Objective: Telomere length (TL) has important consequences for early disease and lifelong health. However, few studies have examined determinants of TL at birth.
Study design: Here we test associations between cord blood TL and parental and birth factors associated with exposure to stress and indicative of healthy intrauterine life in Latino infants. We tested associations that were significant in bivariate analysis in a multivariate regression model to identify independent predictors for shorter TL at birth.
Result: Two novel and independent predictors emerged in our analysis of 54 infants. Female gender was associated with longer TL by ~350 base pairs (adjusted β-coefficient for male gender=-369.57, (95% confidence interval, -718.21 to (-)20.92), P=0.02); rho=-0.26, P=0.057). Increased maternal high-school education, as indicated by a high-school diploma or additional education beyond high school, was also associated with longer TL, by ~500 base pairs (adjusted β-coefficient for high-school diploma or greater=505.68 (95% confidence interval, 151.69 to 859.68), P<0.01); rho=0.36, P<0.01). Increasing head circumference trended towards statistical significance in association with longer TL (adjusted β-coefficient = 7.33; 95% confidence interval -0.52 to 15.18; P=0.07). When we removed all infants who had been exposed to high oxidative stress in pregnancy including those exposed to maternal hypertension, preeclampsia, gestational diabetes, and those who were low birth weight or preterm birth (n=7), increasing birth weight percentile was associated with longer TL (adjusted β-coefficient=8.04 (95% confidence interval 0.07 to 16.00), P=0.048).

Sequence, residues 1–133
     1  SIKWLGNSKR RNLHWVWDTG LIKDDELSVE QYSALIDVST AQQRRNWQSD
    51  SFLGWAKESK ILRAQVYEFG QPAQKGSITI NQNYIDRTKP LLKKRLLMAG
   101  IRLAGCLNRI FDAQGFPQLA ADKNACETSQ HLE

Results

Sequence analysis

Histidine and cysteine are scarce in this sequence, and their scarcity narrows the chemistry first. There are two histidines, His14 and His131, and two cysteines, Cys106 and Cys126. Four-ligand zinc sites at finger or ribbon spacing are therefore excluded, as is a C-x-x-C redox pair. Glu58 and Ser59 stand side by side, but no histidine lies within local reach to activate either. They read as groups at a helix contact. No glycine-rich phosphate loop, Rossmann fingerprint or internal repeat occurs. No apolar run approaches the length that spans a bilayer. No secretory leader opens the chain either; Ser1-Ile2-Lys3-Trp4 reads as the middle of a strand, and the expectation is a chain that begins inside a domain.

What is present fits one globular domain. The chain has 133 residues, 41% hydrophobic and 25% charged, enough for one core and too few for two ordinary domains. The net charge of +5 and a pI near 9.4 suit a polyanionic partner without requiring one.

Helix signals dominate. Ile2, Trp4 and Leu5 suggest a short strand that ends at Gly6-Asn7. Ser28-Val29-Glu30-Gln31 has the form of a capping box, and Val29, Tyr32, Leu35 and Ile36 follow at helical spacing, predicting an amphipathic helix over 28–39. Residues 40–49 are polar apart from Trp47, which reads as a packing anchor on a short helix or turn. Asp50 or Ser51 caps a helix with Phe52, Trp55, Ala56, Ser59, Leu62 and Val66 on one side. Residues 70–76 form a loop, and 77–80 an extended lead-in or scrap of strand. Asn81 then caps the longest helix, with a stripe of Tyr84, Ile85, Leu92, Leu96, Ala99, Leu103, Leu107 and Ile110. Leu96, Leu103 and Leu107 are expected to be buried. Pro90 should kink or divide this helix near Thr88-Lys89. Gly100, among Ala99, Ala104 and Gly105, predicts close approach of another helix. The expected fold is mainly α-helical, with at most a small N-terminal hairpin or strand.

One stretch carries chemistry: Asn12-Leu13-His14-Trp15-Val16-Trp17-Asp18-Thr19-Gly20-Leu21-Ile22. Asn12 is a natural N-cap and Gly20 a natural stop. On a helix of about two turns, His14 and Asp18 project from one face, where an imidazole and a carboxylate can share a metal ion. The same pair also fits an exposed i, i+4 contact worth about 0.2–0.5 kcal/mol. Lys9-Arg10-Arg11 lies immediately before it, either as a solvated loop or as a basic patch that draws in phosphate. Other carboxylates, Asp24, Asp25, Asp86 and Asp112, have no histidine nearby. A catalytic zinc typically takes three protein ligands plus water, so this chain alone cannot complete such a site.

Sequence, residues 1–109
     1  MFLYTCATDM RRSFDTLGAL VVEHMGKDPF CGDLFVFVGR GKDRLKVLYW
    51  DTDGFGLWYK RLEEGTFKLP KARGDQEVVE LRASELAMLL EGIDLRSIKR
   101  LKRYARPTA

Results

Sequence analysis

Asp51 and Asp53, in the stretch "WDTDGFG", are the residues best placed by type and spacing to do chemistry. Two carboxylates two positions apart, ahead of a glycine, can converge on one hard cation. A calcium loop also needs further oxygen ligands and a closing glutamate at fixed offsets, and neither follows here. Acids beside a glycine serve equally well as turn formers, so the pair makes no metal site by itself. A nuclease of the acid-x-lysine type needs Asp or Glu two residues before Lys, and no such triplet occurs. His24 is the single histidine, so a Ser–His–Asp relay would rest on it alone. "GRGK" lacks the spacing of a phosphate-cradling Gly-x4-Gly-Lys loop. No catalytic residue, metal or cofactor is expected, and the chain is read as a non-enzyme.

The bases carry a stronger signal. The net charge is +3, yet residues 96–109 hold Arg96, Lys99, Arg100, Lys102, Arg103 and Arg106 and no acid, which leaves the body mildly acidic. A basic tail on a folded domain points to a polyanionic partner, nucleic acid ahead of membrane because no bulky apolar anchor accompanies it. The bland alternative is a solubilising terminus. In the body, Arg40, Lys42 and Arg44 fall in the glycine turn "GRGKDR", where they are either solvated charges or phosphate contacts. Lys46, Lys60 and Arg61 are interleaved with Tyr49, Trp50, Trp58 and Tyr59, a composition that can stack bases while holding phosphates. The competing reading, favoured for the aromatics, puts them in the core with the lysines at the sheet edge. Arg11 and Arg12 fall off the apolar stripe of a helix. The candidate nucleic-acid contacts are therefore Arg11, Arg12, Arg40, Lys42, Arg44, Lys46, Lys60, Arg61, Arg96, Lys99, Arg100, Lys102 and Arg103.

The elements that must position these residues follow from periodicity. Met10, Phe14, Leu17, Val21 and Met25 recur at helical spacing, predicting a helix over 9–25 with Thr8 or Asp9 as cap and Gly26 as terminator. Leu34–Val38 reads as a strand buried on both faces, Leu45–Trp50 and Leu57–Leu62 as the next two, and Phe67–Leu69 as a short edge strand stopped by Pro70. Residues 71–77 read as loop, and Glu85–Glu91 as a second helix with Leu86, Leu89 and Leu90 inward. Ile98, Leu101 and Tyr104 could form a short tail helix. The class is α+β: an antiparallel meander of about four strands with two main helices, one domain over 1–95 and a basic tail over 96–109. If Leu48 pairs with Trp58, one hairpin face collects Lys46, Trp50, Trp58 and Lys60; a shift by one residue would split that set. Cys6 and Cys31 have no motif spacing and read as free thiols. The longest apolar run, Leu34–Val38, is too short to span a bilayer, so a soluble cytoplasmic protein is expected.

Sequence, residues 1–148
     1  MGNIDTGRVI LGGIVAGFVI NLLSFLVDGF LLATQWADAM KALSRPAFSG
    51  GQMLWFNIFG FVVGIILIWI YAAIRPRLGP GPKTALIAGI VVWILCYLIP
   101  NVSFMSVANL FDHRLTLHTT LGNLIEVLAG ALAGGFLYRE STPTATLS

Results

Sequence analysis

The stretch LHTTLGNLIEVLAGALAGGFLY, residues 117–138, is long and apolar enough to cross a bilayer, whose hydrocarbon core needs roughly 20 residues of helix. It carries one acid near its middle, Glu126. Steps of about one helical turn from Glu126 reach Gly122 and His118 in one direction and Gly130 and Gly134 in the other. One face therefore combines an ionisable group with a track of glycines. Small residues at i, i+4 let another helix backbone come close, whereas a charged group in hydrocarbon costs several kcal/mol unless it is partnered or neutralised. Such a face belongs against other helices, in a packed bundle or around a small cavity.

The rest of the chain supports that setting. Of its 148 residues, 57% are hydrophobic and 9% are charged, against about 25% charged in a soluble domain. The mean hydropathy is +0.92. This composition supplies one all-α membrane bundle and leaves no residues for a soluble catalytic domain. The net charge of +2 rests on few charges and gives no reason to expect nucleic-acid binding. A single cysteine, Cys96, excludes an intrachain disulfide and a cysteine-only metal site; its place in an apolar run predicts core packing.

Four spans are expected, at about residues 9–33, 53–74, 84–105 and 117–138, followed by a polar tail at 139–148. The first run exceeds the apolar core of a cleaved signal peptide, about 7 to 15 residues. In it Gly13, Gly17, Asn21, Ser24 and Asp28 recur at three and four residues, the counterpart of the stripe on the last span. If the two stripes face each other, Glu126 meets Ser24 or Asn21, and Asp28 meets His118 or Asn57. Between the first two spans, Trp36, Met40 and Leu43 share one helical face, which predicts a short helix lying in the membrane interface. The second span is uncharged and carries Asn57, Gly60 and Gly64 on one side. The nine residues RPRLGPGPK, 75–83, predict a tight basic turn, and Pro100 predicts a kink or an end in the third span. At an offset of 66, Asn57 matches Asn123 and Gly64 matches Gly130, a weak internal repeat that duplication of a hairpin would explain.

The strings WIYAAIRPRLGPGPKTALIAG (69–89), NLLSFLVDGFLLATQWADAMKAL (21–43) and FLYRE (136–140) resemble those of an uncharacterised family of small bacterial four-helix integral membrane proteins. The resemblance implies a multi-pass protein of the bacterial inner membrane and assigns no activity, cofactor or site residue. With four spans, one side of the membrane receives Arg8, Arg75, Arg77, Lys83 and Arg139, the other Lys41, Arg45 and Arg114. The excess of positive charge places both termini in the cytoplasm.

Conclusion: Shorter TL at birth is associated with being male, low maternal education (less than a high school degree), and a trend towards lower birth weight and head circumference. Given the critical role of long TL in predicting health and disease, these findings contribute to the growing literature attempting to understand determinants of TL.